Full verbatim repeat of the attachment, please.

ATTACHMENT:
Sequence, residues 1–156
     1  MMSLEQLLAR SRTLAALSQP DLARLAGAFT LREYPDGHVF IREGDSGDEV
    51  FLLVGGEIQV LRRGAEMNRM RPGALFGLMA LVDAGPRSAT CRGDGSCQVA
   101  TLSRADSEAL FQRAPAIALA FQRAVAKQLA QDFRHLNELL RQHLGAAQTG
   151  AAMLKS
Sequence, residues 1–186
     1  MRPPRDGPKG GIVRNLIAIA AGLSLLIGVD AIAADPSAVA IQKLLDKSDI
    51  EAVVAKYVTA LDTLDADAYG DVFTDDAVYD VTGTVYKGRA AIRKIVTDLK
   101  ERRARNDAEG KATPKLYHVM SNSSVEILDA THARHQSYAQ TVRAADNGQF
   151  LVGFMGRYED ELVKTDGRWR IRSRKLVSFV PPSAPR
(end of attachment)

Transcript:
Sequence, residues 1–156
     1  MMSLEQLLAR SRTLAALSQP DLARLAGAFT LREYPDGHVF IREGDSGDEV
    51  FLLVGGEIQV LRRGAEMNRM RPGALFGLMA LVDAGPRSAT CRGDGSCQVA
   101  TLSRADSEAL FQRAPAIALA FQRAVAKQLA QDFRHLNELL RQHLGAAQTG
   151  AAMLKS
Sequence, residues 1–186
     1  MRPPRDGPKG GIVRNLIAIA AGLSLLIGVD AIAADPSAVA IQKLLDKSDI
    51  EAVVAKYVTA LDTLDADAYG DVFTDDAVYD VTGTVYKGRA AIRKIVTDLK
   101  ERRARNDAEG KATPKLYHVM SNSSVEILDA THARHQSYAQ TVRAADNGQF
   151  LVGFMGRYED ELVKTDGRWR IRSRKLVSFV PPSAPR